- Many ongoing negative impacts from colonisation
- Suicide prevention recommendations ignored
- MBS support needed to address foot health disadvantage
- Older people at forefront of framework
- Smileyscopes to help reduce injection fears
- Racism and the 2023 Voice referendum
- Sector Jobs
The image in the feature tile appeared in Steve Larkin’s article Saying colonisation had no negative effects on First Nations people is dangerous denialism published in The Guardian on 22 September 2023.
The NACCHO Aboriginal and Torres Strait Islander Health News is platform we use to showcase the important work being done in Aboriginal and Torres Strait Islander health, focusing on the work of NACCHO, NACCHO members and NACCHO affiliates.
We also share a curated selection of news stories that are of likely interest to the Aboriginal and Torres Strait Islander health sector, broadly.
Many ongoing negative impacts from colonisation
Fiona Stanley, Colleen Hayward and Steve Zubrick have recently written about the intergenerational impact of stolen generations, saying “We would like to contest very strongly the comments by Jacynta Nampijinpa Price that there are no longer any negative impacts from Australia being colonised. One of the most powerful and damaging interventions which was part of colonisation, was the forced removal of children and families from their parents and country. It has been generally accepted for many years that forced separation and forced removals had devastating consequences in terms of social and culturation dislocation, which have impacted on the health and wellbeing of subsequent generations. This was clearly shown in the Bringing them Home Report, (published by the Human Rights Commission in 1997) with story after story of people then recalling the trauma of separation. It is thought that since colonisation, the official and government sanctioned removals, since late 1800s to 1970, affected over 100,000 children. Separation took three forms: putting children into government institutions, fostering children with white families, and white families adopting them. The stories in the Bringing them Home Report were full of the trauma, abuse and cultural genocide of these children and their children.”
“We also were involved in the only large quantitative study of the Stolen Generations, the Western Australian Aboriginal Child Health Survey (WAACHS) done out of the now Telethon Kids Institute (TKI) which was published in several reports and papers in 2005/6. The study was a state-wide survey of one in six Aboriginal families to ascertain their social, emotional, health, educational and wellbeing status to enable the best preventive strategies to be implemented to address the high rates of poor outcomes in these families. Using many Aboriginal interviewers and researchers, the team contacted over 2,000 families with over 6,000 children aged between 0-18 years, across all areas of WA (metropolitan, rural and remote). A very high response rate reflected the trust that these families had in our team to listen to their stories of their lives. Carers and schoolteachers were also interviewed as well as the children who were old enough.”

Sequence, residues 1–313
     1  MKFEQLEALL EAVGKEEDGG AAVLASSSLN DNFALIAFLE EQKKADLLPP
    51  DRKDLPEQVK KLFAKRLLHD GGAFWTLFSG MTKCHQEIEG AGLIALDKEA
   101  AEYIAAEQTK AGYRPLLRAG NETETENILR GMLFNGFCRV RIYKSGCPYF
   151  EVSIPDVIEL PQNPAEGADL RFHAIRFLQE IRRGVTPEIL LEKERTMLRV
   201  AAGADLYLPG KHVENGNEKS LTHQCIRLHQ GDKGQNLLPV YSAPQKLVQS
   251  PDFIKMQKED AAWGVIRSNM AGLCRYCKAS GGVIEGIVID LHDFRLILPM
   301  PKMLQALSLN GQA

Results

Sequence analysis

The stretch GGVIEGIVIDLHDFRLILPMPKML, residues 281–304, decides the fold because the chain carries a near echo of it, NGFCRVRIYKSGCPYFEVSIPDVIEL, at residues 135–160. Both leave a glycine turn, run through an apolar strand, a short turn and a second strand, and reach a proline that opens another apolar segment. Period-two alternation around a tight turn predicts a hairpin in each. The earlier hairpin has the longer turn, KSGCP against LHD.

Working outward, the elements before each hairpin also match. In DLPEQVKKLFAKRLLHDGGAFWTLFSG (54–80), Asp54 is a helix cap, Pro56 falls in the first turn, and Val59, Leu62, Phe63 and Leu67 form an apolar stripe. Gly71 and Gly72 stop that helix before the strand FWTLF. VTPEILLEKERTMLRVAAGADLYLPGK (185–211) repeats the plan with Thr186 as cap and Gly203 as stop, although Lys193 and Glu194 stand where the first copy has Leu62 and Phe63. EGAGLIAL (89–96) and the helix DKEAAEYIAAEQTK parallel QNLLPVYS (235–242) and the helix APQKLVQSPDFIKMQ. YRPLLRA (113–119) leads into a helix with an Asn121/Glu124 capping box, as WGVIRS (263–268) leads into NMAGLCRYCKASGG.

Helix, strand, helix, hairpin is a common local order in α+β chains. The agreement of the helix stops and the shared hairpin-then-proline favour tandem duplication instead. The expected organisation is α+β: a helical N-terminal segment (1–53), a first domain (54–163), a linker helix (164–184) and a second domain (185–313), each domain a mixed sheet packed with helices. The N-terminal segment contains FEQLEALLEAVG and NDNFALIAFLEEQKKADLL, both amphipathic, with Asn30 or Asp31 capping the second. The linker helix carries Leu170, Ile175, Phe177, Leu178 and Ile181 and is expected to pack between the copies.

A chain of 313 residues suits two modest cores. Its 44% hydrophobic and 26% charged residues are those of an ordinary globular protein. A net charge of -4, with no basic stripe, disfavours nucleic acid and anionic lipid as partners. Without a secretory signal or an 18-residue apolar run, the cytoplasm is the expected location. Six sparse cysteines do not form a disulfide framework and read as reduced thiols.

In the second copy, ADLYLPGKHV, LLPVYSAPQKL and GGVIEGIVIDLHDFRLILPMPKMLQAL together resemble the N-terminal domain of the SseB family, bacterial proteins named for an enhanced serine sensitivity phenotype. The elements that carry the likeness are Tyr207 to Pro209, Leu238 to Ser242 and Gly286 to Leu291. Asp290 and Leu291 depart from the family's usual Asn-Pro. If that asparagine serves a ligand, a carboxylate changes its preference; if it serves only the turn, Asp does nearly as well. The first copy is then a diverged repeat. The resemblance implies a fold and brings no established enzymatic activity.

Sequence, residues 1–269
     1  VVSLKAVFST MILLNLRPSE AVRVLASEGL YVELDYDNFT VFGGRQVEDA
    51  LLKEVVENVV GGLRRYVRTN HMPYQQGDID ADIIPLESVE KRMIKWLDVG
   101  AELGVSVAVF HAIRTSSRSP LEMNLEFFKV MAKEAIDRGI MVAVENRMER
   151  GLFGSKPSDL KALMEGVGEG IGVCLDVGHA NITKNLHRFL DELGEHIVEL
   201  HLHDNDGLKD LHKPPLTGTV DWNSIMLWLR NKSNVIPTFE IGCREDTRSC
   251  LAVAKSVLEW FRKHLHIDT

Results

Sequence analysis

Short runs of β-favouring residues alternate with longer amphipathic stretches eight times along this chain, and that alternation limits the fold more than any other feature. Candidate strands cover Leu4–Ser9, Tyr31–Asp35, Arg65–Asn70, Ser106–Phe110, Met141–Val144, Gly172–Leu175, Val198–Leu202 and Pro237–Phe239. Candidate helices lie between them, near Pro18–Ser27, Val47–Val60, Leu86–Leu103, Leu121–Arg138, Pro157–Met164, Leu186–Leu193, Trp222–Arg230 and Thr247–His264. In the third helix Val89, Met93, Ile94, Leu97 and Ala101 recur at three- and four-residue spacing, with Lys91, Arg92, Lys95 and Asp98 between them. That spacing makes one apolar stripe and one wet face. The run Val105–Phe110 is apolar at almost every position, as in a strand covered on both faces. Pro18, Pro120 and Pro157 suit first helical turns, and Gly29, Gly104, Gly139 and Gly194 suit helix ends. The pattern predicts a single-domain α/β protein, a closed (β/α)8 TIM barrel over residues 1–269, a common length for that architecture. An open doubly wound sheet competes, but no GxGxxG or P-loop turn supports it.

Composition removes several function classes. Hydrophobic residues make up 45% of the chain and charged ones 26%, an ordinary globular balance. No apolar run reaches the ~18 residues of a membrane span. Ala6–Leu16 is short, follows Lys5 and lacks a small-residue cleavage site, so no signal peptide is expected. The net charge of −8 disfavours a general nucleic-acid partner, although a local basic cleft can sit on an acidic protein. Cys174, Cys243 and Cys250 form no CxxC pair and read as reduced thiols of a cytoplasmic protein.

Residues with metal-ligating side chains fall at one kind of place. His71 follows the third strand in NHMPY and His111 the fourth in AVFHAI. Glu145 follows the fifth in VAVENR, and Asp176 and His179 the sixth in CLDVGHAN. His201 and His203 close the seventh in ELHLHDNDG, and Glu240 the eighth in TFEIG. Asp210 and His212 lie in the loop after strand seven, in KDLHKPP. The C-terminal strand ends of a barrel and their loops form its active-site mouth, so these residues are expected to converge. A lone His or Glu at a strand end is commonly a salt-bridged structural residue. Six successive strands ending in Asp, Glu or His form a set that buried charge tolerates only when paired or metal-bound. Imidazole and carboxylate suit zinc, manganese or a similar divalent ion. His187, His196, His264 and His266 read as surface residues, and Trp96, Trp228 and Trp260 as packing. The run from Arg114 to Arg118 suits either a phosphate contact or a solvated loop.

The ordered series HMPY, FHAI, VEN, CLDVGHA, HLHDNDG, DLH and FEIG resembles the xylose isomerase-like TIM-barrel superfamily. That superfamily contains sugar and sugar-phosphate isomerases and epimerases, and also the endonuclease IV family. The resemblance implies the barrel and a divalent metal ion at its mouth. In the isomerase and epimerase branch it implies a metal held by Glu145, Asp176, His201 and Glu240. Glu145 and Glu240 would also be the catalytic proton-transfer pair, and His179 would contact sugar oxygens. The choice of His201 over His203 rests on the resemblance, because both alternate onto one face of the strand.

“We would like to present two major aspects of the findings which address Price’s assertions. One relates to the extent of removals and the second to the inter-generational impact. Between 40-60% of families reported being forcibly removed from family or homeland across all Aboriginal and Torres Strait Islander Commission (ATSIC) regions. It varied from nearly 60% in Broome to 32% in Geraldton, with rates higher than Geraldton for all other regions. We felt this truly could be described as “Stolen Generations” although many outspoken government leaders of the day disputed this description.”
“We were expecting and found clear evidence of the negative impact of a history of being stolen on subsequent generations. Those with a history of removals were nearly twice as likely to be arrested or charged with an offence, 1.6 times more likely to abuse alcohol and have house-hold problems from that, more than twice as likely to indulge in harmful gambling and reported far fewer social supports, as those who did not report that history. Children whose parents had been forcibly removed also were two and a half times more likely to be at high risk of clinically significant social and emotional behavioural difficulties, than those who did not have that history. The impact was higher in those families whose mothers/grandmothers had been removed than in those whose mothers/grandmothers were not removed.
“Whilst there are numerous studies in most colonised Indigenous populations globally, this is the most comprehensive quantitative and trustworthy study to prove these intergenerational impacts. The study concluded that “the nature of the recent debate about the actual number of Aboriginal families experiencing forced separations has displaced the reality that these experiences occurred at all and the extent to which these past experiences continue to impact on the lives of the current generations of Aboriginal families. A more open-hearted acknowledgement of the extent of the suffering and disadvantage which past policies of separation inflicted on Aboriginal Australians, would in our view, significantly further the process through which these concerns are eventually resolved”.